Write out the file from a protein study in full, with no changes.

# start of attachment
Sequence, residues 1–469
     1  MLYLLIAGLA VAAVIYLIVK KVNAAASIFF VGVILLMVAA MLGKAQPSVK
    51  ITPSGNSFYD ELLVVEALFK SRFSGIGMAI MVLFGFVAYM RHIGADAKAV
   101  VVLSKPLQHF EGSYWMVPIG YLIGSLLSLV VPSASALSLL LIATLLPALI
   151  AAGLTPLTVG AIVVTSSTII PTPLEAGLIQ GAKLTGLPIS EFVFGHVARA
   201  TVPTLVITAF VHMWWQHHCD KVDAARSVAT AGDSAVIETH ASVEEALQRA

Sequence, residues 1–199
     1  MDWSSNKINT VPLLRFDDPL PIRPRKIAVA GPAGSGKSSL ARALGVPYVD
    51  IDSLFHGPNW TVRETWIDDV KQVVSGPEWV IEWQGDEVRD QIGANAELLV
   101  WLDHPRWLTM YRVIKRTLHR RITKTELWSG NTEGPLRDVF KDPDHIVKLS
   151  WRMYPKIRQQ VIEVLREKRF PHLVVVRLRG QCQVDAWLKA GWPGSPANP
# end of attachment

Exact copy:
Sequence, residues 1–469
     1  MLYLLIAGLA VAAVIYLIVK KVNAAASIFF VGVILLMVAA MLGKAQPSVK
    51  ITPSGNSFYD ELLVVEALFK SRFSGIGMAI MVLFGFVAYM RHIGADAKAV
   101  VVLSKPLQHF EGSYWMVPIG YLIGSLLSLV VPSASALSLL LIATLLPALI
   151  AAGLTPLTVG AIVVTSSTII PTPLEAGLIQ GAKLTGLPIS EFVFGHVARA
   201  TVPTLVITAF VHMWWQHHCD KVDAARSVAT AGDSAVIETH ASVEEALQRA

Sequence, residues 1–199
     1  MDWSSNKINT VPLLRFDDPL PIRPRKIAVA GPAGSGKSSL ARALGVPYVD
    51  IDSLFHGPNW TVRETWIDDV KQVVSGPEWV IEWQGDEVRD QIGANAELLV
   101  WLDHPRWLTM YRVIKRTLHR RITKTELWSG NTEGPLRDVF KDPDHIVKLS
   151  WRMYPKIRQQ VIEVLREKRF PHLVVVRLRG QCQVDAWLKA GWPGSPANP